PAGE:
We all know medications can help us feel better and stay healthy but as we are all familiar, sometimes drug interactions can be overlooked and cause significant adverse health outcomes. Drug interactions are common clinical problems that can occur in several different ways and in various settings. The estimated rate of drug interactions occurring in the emergency department is anywhere between 3% to 47%, unfortunately, heterogeneity in the literature makes it a challenging data point to capture.


But surely, you’ve been stopped by one of these alerts while working:

drug interactions


Studies have shown that adverse drug effects contribute to 1 in 9 emergency visits and often medication-related causes go unrecognized by physicians (ED or inpatient setting) up to half the time. This is concerning as the lack of timely recognition can lead to prolonged harmful exposure, contributing to morbidity, health care utilization, and increased costs.

This post aims to provide a framework for identifying drug interactions in the emergency department and highlight drugs and drug classes that should not be missed during our patient encounters. Remember, the dose and duration of medication is a significant variable in considering drug interactions.  


Pharmacology Basics

In general, drug interactions can be split into pharmacokinetics and pharmacodynamic interactions

Pharmacokinetics: what our body does to the drug

  • Example: how it’s absorbed, distributed, metabolized and excreted


Pharmacodynamics: how the drug effects our body

  • Example: direct effect on receptors, interference with biological or physiological control processes, and additive or opposed pharmacological effects.


Types of Drug Interactions

drug interactions

There are many types of drug interactions, we’re primarily going to focus on the bottom 3 in this post


Drug – Food Interactions

Common drug-food interactions exist with fruits, dairy, vitamin K, tyramine foods & alcohol. A notable drug-food interaction to be aware of is grapefruit, with over 85 medication interactions.

drug interactions

(Vuong et al. 2023)


Drug – Disease Interactions

As you can imagine, susceptibility to drugs is at least partly explained by differences in multi-morbidity. Kidney disease makes individuals more susceptible to adverse drug reactions due to a reduction in renal elimination/clearance. Similarly, liver disease and cardiac disease affect hepatic blood flow which may affect drug metabolism.

drug interactions

Midlöv et al. 2020


Drug – Drug Interactions

There are countless out there, however, let’s focus on some clinically significant drug interactions in the ED.

 Let’s break it down into 2 different approaches based on patient encounters:

  1. By presentation when undifferentiated, termed here as the “mimickers”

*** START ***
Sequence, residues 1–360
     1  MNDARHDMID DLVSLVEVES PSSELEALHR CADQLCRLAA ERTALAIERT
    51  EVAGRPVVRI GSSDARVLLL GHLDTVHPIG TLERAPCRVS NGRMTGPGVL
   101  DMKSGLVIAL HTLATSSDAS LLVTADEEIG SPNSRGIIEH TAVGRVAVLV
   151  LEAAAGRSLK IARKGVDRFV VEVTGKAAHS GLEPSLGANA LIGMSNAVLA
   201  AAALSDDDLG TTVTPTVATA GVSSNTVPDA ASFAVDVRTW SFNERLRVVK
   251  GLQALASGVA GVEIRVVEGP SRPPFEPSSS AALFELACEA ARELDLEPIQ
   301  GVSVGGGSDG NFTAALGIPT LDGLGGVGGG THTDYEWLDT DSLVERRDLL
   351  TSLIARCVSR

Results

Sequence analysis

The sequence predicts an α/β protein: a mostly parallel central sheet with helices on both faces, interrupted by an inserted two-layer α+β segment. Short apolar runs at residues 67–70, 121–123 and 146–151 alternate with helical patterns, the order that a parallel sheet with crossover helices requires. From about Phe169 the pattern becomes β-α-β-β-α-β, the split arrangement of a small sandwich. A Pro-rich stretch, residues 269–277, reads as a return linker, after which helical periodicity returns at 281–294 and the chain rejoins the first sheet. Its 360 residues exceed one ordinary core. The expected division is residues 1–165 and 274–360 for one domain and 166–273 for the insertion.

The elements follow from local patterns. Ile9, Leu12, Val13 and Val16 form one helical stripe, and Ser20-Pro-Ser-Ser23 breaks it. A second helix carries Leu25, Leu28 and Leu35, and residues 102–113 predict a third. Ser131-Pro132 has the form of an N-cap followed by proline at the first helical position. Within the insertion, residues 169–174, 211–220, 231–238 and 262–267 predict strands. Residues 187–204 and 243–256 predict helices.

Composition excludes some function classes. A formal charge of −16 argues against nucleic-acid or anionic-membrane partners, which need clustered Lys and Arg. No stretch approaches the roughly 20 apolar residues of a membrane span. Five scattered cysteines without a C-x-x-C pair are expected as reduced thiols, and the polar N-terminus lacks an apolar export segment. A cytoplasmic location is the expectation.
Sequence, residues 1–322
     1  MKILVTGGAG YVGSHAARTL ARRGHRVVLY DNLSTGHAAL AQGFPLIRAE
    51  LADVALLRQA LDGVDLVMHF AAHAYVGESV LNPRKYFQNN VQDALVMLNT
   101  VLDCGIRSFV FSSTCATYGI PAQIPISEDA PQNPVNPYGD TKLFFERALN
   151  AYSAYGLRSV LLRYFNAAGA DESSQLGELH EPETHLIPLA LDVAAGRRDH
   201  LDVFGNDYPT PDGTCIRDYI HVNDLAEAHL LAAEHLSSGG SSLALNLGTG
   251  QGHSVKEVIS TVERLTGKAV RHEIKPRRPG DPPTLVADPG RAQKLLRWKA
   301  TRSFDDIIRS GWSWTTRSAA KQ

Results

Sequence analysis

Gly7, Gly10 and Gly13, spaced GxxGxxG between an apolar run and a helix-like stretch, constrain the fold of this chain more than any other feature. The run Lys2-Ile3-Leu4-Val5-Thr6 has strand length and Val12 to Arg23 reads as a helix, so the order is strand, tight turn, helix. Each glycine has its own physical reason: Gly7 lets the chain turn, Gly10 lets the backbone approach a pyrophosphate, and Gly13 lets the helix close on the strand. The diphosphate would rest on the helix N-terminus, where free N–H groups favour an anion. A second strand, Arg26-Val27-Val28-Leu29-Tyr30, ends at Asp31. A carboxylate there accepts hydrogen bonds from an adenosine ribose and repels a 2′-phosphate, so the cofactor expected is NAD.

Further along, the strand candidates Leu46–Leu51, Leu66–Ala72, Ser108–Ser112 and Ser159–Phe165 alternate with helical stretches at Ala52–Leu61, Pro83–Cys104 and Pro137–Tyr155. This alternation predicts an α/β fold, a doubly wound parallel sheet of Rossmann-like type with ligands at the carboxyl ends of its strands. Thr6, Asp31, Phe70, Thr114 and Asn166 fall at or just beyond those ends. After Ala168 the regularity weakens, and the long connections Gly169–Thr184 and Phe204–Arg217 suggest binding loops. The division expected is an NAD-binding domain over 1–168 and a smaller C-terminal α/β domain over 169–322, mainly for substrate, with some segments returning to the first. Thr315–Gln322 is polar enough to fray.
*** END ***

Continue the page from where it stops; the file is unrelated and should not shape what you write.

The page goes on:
2. By suspected culprit or drug agent referred to as “offending agents”



Here are some common presentations in the ED in which we should be wary of drug interactions, particularly if patients are on multiple medications, or recently had a change/addition of new medications:

drug interactions


Offending Agents

Let’s go over some offending agents to keep on our radar.

  1. QT Prolongation

Several classes of medications are well known to cause QT prolongation.

We can take different approaches, one is by drug class and recognizing the higher risk medications within those drug classes, such as what is seen in the table below. The other is by mnemonics such as the “Anti’s” that assist in recall of broad drug classes to consider in your differential.


drug interactions


drug interactions


Special Considerations


1. Ondansetron

Ondansetron is considered one of the most commonly used drugs in the ED. Studies have examined single-use IV Ondansetron in the ED and its effects on inducing QT prolongation. It has been shown that a single 4 mg IV ondansetron injection can increase the QTc interval in adult ED patients within a few minutes by 1.6 up to 30ms.

However, the findings across studies are conflicting and there is a lack of sufficient information in an ED setting to establish clear cutoffs & recommendations for IV Ondansetron use, especially with patients without known long QT risk factors.

In general, here are some considerations:

  • Screening prior ECGs of patients particularly with the addition of a new medication
  • Be mindful of the dose used for IV administration in patients with high-risk backgrounds/ Risk factors
  • For non high-risk groups for QTc prolongation consider:
    • If prior ECG QTc >460ms then repeat ECG for current visit prior to drug administration & consider optimizing electrolytes (K > 4, Mg > 1)
    • If QTc interval < 400ms generally IV Ondansetron administration up to 8mg is safe


2. Trimethoprim/Sulfamethoxazole (TMP-SMX)

Septra/Bactrim deserves special attention for drug interactions as it really doesn’t play nice with others. In combination with certain medications, it can lead to a 7 to 12-fold increased risk of hospitalization due to hyperkalemia. It’s encouraged to consider the use of alternative antibiotics such as amoxicillin where possible, particularly in patients with existing comorbidities (e.g. renal disease).


drug interactions


3. Warfarin

Warfarin is one of those drugs that often set off warning bells in our minds when we see it on a patient’s medication list.

As the list of potential drug interactions seems endless, 2 ways we can approach drug interactions with warfarin in the ED that is less overwhelming is either by:

Mechanism of injury

  • Platelet function (e.g. antiplatelet, SSRI)
  • Gastrointestinal mucosal injury (e.g. NSAIDs)
  • Reduced synthesis of vitamin K (e.g. antibiotics)
  • Interference with warfarin metabolism (e.g. acetaminophen)